# xrdtechniqueandapplication-151216181023

```X-ray Diffraction and Its
Applications in Science &
Engineering
CONVENTIONS OF LATTICE DESCRIPTION
 Unit cell is the smallest unit of a
crystal, which, if repeated, could
generate the whole crystal.
 A crystal’s unit cell dimensions are
defined by six numbers, the lengths
of the 3 axes, a, b, and c, and the
three interaxial angles, ,  and .
CRYSTAL STRUCTURE
 A crystal lattice is a 3-D
arrangement of unit cells.
 Space lattice is an imaginative
grid system in three dimensions
in which every point (or node)
has an environment that is
identical to that of any other
point or node.
Space Lattice + Basis = Crystal structure
CRSYSTALLOGRAPHIC DIRECTIONS
A crystallographic direction is defined as the line between two vectors. The
following steps are utilized in the determination of the three dimensional
indices:
1. A vector of conventional length is positioned such that it passes through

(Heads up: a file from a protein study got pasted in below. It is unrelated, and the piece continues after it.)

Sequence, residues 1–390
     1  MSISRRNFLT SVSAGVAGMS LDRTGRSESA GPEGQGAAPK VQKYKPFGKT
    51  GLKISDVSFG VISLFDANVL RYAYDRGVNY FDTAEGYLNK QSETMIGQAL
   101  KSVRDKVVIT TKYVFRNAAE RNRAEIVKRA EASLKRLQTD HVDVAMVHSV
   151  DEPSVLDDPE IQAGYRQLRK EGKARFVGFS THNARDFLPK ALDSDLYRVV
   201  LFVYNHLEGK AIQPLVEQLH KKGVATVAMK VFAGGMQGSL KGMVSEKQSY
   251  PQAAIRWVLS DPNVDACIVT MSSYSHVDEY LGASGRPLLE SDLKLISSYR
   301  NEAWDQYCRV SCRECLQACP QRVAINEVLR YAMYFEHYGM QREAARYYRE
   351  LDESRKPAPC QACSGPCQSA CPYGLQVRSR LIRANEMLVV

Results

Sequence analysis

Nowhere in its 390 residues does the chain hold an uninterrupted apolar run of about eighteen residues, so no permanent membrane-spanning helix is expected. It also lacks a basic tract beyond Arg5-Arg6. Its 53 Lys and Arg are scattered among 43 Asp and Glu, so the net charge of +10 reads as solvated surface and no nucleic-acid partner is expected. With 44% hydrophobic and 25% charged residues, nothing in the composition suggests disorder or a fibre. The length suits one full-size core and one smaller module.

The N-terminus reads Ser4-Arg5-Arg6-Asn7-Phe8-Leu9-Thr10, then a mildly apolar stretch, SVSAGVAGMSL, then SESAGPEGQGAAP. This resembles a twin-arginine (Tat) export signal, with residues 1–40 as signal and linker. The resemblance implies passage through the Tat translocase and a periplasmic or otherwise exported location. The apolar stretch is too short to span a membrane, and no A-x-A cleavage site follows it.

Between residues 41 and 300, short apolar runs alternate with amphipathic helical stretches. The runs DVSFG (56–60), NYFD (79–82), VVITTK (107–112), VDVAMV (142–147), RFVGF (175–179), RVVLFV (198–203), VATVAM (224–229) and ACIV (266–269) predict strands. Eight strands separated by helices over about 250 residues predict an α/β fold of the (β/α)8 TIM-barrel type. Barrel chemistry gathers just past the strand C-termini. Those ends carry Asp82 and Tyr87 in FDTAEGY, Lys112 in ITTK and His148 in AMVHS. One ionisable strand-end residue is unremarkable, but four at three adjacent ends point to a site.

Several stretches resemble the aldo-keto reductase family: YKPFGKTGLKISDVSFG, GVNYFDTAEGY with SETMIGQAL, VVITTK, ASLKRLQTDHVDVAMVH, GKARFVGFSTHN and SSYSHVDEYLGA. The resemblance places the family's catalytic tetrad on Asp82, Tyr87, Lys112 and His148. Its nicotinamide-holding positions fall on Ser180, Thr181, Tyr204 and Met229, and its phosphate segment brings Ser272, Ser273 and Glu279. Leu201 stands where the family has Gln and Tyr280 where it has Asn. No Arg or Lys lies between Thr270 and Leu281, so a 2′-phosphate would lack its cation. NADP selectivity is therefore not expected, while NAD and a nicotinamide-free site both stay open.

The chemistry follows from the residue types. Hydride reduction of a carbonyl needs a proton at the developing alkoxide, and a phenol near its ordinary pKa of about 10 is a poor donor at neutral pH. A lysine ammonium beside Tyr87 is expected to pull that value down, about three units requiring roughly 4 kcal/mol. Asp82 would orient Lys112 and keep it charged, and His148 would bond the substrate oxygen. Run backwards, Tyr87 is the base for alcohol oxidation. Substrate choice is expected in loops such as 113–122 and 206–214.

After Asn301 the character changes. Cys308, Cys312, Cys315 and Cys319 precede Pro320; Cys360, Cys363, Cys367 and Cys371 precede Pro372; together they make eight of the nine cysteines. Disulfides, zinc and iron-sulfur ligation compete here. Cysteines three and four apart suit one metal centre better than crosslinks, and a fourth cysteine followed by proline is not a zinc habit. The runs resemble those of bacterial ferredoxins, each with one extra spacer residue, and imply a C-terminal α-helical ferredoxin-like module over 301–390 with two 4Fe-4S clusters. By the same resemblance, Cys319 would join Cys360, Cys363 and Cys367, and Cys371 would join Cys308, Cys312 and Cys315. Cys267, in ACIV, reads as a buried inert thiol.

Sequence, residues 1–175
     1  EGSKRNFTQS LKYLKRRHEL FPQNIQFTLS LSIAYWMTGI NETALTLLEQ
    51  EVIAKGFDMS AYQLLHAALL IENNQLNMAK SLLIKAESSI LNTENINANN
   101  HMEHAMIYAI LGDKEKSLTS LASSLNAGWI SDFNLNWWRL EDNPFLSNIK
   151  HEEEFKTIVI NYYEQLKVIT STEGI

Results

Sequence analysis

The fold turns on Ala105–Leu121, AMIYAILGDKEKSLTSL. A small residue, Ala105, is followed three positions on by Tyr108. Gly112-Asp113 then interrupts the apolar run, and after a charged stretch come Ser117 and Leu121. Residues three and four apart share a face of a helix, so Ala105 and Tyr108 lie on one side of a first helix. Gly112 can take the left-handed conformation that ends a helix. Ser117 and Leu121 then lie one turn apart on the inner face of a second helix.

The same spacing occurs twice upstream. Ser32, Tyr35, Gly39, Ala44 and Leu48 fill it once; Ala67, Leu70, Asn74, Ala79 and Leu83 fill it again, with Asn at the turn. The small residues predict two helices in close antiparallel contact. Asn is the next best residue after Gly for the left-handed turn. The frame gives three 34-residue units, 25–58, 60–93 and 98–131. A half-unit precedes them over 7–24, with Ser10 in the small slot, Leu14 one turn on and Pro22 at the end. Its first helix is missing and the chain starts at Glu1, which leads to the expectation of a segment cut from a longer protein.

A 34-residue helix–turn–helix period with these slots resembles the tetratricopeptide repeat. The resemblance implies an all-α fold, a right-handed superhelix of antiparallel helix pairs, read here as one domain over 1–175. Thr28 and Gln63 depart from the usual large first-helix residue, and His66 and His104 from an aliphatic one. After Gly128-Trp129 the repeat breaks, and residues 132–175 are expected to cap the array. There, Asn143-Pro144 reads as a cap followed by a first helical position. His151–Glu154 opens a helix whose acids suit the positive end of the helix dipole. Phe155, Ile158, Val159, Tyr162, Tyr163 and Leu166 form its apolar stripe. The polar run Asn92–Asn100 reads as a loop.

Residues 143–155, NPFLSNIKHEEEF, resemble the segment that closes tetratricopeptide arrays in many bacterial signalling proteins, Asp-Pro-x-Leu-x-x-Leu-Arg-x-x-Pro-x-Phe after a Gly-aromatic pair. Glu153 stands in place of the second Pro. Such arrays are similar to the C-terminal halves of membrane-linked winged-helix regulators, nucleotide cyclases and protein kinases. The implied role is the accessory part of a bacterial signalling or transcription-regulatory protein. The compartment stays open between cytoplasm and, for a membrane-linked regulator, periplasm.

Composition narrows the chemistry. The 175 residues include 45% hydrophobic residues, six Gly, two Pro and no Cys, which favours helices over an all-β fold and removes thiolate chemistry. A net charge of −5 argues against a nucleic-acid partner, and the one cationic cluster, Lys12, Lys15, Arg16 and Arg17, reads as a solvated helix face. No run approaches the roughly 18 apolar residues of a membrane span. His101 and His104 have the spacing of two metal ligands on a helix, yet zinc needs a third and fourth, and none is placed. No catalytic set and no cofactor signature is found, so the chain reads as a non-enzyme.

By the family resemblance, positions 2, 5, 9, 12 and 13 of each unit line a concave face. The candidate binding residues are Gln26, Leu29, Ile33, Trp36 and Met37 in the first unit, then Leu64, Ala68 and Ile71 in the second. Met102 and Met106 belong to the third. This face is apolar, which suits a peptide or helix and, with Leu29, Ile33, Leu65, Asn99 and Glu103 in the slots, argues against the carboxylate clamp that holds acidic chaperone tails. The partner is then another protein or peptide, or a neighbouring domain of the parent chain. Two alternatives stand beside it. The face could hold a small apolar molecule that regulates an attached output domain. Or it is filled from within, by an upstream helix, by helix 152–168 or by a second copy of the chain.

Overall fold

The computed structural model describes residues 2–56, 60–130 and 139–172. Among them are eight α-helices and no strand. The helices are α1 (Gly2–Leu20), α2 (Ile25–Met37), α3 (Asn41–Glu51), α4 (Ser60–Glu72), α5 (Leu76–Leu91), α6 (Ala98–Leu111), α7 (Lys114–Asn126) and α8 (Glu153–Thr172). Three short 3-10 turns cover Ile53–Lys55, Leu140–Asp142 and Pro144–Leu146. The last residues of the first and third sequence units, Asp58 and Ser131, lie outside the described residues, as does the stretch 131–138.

the origin of the coordinate system.
2. The length of the vector projection on each of the three axes is
determined; these are measured in terms of the unit cell dimensions a,b
and c.
3. These three numbers are multiplied or divided by a common factor to
reduce them to the smallest integer values.
4. The three indices are enclosed in square brackets :
[uvw]. The u, v and w integers
correspond to the reduced projections along
the x, y and z axes, respectively
CRYSTALLOGRAPHIC PLANES
The crystallographic planes are specified by the three miller indices (hkl). Any
two planes parallel to each other are equivalent and have identical indices.